In spring 2017 Ursula Kampmann visited southern Spain. Follow her on that journey through her travelog to famous places like the Alhambra or Granada, to less known sites and also to numismatic insider tipps that you won’t find in any normal travel guide. Find all episodes here.
Part 1: On the way again
Spain is currently experiencing a boom. Ask any tourism expert. We too set off to Southern Spain for our numismatic journey and saw many an interesting thing. But our first stop is still in France, in Nîmes. Read Part 1 here.
Part 2: Tarragona
Have you ever been to Tarragona, the Roman Tarraco, former capital of the Province Hispania Tarraconensis? If you haven’t, you definitely need to put this one on your bucket list. I fell in love with the city. Read Part 2 here.
Part 3: Sagunto
Sagunto does not belong to the great attractions with World Heritage Site status. But if you’ve ever read anything about Hannibal’s great war, you will be curious about this city, which was destroyed by Hannibal, and whose conquest led to the Roman invasion of Spain. Read Part 3 here.
Part 4: Valencia
Indiana Jones really was pretty dumb: looking for the Holy Grail in Petra! When every reader of CoinsWeekly knows, after reading this episode of the numismatic diary at the latest, that the Grail is in Valencia. Well, Indiana Jones should just read CoinsWeekly I guess! Read Part 4 here.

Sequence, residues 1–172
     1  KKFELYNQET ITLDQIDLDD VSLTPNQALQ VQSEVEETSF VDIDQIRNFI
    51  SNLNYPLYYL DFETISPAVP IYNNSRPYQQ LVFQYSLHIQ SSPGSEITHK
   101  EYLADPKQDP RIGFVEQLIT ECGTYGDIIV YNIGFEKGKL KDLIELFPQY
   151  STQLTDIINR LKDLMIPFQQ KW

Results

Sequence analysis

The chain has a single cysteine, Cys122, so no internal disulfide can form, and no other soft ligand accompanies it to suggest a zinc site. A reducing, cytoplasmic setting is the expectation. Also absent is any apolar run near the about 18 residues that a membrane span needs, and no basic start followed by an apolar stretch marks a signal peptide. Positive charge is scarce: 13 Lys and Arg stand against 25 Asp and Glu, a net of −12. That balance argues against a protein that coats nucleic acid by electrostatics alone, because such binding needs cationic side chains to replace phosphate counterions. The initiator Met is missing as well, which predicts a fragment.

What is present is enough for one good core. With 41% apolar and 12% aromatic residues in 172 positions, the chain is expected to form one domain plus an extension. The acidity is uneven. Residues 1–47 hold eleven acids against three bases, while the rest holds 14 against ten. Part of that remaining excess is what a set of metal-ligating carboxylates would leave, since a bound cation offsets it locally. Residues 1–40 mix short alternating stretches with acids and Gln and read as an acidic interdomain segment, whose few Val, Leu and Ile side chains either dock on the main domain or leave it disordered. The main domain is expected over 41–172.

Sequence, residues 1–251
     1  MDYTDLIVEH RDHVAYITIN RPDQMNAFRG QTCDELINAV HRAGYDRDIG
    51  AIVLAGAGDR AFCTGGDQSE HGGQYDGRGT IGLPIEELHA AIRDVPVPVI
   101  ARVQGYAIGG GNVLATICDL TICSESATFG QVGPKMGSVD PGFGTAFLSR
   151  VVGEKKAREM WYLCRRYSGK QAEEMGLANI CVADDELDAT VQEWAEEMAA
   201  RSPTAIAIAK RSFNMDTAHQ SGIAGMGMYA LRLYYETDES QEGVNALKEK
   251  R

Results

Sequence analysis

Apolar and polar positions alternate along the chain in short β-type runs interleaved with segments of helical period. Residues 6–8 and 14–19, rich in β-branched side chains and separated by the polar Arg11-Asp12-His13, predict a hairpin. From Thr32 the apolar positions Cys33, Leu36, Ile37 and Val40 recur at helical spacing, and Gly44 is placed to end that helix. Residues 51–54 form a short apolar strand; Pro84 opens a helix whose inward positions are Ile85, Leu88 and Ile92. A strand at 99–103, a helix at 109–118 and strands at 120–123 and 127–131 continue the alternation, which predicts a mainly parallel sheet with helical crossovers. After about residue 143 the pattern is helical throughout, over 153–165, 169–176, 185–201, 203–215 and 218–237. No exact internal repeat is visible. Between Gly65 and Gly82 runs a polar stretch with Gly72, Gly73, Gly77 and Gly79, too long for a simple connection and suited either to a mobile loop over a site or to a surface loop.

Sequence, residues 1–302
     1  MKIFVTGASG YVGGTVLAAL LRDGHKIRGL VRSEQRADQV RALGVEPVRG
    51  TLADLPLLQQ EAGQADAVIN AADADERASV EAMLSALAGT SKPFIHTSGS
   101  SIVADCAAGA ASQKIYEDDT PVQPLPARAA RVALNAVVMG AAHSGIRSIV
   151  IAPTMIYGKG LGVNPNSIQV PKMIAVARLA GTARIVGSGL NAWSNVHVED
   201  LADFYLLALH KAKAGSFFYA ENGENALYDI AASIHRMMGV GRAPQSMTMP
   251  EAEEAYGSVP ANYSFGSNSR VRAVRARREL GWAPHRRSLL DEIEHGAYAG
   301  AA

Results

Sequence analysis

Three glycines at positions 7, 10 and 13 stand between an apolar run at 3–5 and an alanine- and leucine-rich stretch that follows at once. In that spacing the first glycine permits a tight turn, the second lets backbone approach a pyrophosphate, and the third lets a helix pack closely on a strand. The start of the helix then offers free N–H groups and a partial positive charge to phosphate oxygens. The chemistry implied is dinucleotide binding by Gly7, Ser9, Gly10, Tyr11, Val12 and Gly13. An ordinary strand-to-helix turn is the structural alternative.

Part 5: The New Carthage
160,000 coins, a few ancient wrecks, a garum factory, and two Carthaginian trade metropolises, all that is only a few hours’ drive away from Lorca. Not to mention that Lorca itself calls a magnificent parador its own. Read Part 5 here.
Part 6: The Sistine Chapel of the Neolithic Age?
Cueva de los Letreros is occasionally referred to as the Sistine Chapel of the Neolithic Age. Whether or not it really is you can find out in this episode. Also: Where the best olive oil in Spain is made, and where people still live in caves today. Read Part 6 here.
Part 7: Beautiful Córdoba
Since 1994, Córdoba has been considered World Heritage Site. As if the city needed that label to attract even more tourists. Córdoba is one of the capitals of tourism – but it still offers some quiet corners. Especially when you’re interested in coins. Read Part 7 here.
Part 8: Columbus, Seville and myriads of tourists
Seville can boast the third-largest old town in Europe, after Venice and Genoa. Great! That means the tourists are better spread out. If only they didn’t all have to see the tomb of Columbus!!! Read Part 8 here.